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California Supreme Court debates ban on affirmative action in contracts

The high court, reviewing a San Francisco ordinance that gives firms owned by women and minorities an advantage in contracting, considers easing the scope of Proposition 209, which was passed in 1996.

May 05, 2010|By Maura Dolan, Los Angeles Times

Reporting from San Francisco — The California Supreme Court debated the constitutionality of Proposition 209 on Tuesday, questioning whether the reach of the 1996 ban on affirmative action in government should be limited.

During a hearing Tuesday, some members of the state high court appeared inclined to permit some type of affirmative action when needed to address deliberate and ongoing discrimination.

The court is reviewing a San Francisco ordinance that gives firms owned by women and minorities an advantage in city contracting. Although the U.S. 9th Circuit Court of Appeal upheld the constitutionality of Proposition 209 in 1997, the state high court is not bound by the circuit ruling.

Sharon L Browne, an attorney with the Pacific Legal Foundation, said the ordinance allows the kind of racial preferences that Proposition 209 was supposed to end. Browne argued there was no evidence of significant discrimination to support San Francisco's law and contended that the ordinance itself gave preferences.

"When racial preference is being used, that is no longer equal treatment," argued Browne, an attorney with the conservative public interest law group.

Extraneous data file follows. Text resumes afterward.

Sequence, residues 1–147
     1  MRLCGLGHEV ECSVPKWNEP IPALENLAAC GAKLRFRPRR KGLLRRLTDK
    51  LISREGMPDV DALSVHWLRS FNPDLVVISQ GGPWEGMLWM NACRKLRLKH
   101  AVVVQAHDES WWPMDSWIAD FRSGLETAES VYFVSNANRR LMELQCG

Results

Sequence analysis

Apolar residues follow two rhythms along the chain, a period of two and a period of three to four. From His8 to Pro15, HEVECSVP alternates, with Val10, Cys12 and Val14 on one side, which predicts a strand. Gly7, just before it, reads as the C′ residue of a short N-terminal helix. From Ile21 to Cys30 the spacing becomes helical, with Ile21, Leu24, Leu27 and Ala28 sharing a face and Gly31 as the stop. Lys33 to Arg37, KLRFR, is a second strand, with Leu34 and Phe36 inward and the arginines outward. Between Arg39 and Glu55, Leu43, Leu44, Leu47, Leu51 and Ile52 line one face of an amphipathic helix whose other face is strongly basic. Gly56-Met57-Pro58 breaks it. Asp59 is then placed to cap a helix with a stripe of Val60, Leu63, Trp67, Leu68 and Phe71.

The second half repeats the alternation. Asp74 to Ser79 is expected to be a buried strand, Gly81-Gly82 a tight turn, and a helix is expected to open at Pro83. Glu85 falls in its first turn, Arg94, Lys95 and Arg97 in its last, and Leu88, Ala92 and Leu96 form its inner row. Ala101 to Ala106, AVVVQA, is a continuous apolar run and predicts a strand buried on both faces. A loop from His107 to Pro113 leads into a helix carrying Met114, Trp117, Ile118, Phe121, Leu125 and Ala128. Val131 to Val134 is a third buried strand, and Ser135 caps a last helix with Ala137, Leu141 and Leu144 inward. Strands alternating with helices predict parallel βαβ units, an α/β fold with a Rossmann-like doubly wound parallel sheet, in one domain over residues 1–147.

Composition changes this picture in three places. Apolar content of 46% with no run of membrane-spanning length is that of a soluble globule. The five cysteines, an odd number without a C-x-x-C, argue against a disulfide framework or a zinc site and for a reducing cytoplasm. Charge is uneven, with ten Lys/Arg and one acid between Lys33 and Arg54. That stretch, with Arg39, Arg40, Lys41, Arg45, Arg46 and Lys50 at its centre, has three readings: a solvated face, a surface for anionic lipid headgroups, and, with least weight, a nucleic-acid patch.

But Sherri Sokeland Kaiser, representing the city of San Francisco, countered that the ordinance was needed "to level the playing field" because of "ongoing discrimination by the city." San Francisco contends the ban on preferences for women and minorities violates the U.S. Constitution.

Justice Ming W. Chin, one of the more conservative justices, appeared skeptical that discrimination in San Francisco was so prevalent that an exception to Proposition 209's ban was warranted.

"So discrimination in San Francisco is much worse than any other part of the state?" Chin asked.

Kaiser said she did not know whether other cities discriminated as much as San Francisco. "It is certainly possible," she said.

Justice Marvin R. Baxter appeared equally suspect. "Was any city official fired for intentional discrimination and if not, why not?" he asked.

Kaiser said the city must abide by confidentiality rules in employment, and the evidence in the case did not address such personnel matters.

The court's other justices appeared willing to refer the case back to a trial court to determine whether deliberate, ongoing discrimination required San Francisco's law.

It is a "factually intense" question, isn't it? Chief Justice Ronald M. George asked.

Justices Kathryn Mickle Werdegar and Carlos R. Moreno noted that Proposition 209 treated minorities and women differently from other groups.

The court will rule within 90 days.

maura.dolan@latimes.com

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